Our world is rapidly changing as a result of globalization, technology and the steady emergence of economically hungry developing countries, further amplifying the need for strong leadership at both the political and corporate levels. Learn more about “Leading in a Time of Rapidly Shifting Tectonic Plates” with this post from Jim Taggart on his blog, ChangingWinds.
And finally, I recently wrote about a helpful tool for addressing leadership gaps in your organization. Learn more about “Closing the Leadership Gap” here on my blog.
The article may be looking at kids, but kids grow up to be adults and genetic traits come along for the ride.
One particular gene, referred to as the COMT gene, could to a large degree explain why one child is more prone to be a worrier, while another may be unflappable, or in the memorable phrasing of David Goldman, a geneticist at the National Institutes of Health, more of a warrior.
Granted, the researchers were looking at short-term, i.e., competitive stress, but the solution was still the same as it is for stress that lasts longer. (The COMT gene also has a major impact on interviewing.)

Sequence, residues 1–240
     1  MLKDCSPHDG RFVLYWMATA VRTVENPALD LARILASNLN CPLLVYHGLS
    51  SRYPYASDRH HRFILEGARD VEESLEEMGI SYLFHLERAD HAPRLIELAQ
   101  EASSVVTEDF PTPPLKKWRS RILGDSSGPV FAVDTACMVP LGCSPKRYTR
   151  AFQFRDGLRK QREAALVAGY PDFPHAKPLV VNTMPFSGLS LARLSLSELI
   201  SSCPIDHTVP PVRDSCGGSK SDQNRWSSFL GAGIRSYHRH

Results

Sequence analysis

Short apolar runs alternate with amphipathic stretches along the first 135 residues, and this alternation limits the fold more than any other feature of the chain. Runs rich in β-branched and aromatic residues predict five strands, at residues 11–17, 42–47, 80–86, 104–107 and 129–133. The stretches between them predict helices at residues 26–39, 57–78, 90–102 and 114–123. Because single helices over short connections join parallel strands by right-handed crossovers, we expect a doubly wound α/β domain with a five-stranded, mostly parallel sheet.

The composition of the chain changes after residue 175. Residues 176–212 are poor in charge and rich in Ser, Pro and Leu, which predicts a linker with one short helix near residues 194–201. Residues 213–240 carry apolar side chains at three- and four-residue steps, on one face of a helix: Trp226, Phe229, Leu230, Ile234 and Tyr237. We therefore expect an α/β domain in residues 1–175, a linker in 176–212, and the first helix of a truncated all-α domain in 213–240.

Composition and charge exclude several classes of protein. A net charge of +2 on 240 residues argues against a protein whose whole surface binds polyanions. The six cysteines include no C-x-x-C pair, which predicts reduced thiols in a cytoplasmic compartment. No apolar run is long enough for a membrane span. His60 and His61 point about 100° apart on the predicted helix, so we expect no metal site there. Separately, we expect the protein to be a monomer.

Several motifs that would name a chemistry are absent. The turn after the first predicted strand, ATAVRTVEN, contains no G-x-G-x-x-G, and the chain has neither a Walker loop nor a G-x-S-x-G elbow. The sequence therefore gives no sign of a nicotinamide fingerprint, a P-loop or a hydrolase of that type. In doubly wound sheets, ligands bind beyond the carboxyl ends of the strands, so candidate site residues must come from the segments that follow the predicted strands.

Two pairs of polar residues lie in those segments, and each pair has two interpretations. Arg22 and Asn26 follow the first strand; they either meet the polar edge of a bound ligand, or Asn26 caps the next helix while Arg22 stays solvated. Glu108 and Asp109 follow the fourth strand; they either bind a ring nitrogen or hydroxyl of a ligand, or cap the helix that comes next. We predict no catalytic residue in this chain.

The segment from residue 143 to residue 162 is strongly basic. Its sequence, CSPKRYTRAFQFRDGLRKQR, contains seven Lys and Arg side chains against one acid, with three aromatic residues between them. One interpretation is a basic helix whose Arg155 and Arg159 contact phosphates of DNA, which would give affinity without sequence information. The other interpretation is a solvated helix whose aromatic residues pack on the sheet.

They found a way to cope.
For many people stress is the result of losing control.
But if there is anything experience should have taught you by a very early age is that you can’t control your world; not even a tiny part of it.
I learned that lesson as a child of five when my father died and nothing ever happened after that to change my mind.
If you put your energy into controlling stuff to avoid stress you are bound to fail.
Energy spent on control is energy wasted.
Energy focused on coping provides exceptional ROI.
Saturday I recommended spending some of your valuable time on TED, so I thought I’d offer a sample of it that I really liked.